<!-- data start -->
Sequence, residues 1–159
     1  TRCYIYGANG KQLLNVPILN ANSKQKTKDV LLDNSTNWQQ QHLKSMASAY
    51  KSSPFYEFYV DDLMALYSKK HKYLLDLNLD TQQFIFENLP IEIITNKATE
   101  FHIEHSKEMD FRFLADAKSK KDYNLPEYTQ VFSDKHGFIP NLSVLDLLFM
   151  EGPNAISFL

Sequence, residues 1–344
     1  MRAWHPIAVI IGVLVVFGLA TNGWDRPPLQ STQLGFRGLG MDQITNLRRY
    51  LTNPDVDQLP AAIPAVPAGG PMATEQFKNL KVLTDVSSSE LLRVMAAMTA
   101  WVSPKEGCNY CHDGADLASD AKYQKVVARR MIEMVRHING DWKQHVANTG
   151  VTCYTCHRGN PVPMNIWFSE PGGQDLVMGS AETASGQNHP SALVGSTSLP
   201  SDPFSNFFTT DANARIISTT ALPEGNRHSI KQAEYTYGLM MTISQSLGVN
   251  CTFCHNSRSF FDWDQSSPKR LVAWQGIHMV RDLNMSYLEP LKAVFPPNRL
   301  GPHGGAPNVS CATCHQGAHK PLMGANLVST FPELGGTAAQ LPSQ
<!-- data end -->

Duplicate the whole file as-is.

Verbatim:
Sequence, residues 1–159
     1  TRCYIYGANG KQLLNVPILN ANSKQKTKDV LLDNSTNWQQ QHLKSMASAY
    51  KSSPFYEFYV DDLMALYSKK HKYLLDLNLD TQQFIFENLP IEIITNKATE
   101  FHIEHSKEMD FRFLADAKSK KDYNLPEYTQ VFSDKHGFIP NLSVLDLLFM
   151  EGPNAISFL

Sequence, residues 1–344
     1  MRAWHPIAVI IGVLVVFGLA TNGWDRPPLQ STQLGFRGLG MDQITNLRRY
    51  LTNPDVDQLP AAIPAVPAGG PMATEQFKNL KVLTDVSSSE LLRVMAAMTA
   101  WVSPKEGCNY CHDGADLASD AKYQKVVARR MIEMVRHING DWKQHVANTG
   151  VTCYTCHRGN PVPMNIWFSE PGGQDLVMGS AETASGQNHP SALVGSTSLP
   201  SDPFSNFFTT DANARIISTT ALPEGNRHSI KQAEYTYGLM MTISQSLGVN
   251  CTFCHNSRSF FDWDQSSPKR LVAWQGIHMV RDLNMSYLEP LKAVFPPNRL
   301  GPHGGAPNVS CATCHQGAHK PLMGANLVST FPELGGTAAQ LPSQ